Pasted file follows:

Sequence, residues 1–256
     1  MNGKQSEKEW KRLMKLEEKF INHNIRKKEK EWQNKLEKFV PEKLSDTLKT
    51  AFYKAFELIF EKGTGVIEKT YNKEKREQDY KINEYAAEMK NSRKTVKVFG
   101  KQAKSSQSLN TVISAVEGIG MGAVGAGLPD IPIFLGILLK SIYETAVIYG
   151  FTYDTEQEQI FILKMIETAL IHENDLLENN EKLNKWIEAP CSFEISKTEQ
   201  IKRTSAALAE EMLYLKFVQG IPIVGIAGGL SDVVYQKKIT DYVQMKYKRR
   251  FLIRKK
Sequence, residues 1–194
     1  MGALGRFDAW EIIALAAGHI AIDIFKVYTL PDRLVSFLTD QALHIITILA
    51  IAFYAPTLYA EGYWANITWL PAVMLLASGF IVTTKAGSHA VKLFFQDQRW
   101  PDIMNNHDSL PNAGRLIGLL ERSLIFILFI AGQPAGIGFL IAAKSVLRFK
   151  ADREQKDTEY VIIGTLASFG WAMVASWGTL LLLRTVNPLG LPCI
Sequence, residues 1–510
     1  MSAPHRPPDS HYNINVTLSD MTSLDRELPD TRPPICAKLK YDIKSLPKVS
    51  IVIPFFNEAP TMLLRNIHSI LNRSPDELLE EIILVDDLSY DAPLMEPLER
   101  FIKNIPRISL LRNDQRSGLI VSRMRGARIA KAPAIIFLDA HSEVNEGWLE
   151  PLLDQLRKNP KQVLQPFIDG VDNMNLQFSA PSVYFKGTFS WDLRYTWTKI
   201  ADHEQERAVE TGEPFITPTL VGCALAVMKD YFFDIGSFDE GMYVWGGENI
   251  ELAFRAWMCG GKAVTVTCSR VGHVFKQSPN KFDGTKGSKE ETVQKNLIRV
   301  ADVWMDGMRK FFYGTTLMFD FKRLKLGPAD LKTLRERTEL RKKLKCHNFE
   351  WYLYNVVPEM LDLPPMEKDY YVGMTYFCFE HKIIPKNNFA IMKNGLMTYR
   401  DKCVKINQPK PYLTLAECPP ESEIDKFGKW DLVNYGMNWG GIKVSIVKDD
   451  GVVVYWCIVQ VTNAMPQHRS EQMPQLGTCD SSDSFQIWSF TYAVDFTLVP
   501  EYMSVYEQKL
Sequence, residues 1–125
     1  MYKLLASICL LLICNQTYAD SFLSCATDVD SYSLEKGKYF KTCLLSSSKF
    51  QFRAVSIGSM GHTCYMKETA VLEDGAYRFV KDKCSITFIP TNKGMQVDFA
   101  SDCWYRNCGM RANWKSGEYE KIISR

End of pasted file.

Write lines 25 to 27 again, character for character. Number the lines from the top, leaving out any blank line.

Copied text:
Sequence, residues 1–125
     1  MYKLLASICL LLICNQTYAD SFLSCATDVD SYSLEKGKYF KTCLLSSSKF
    51  QFRAVSIGSM GHTCYMKETA VLEDGAYRFV KDKCSITFIP TNKGMQVDFA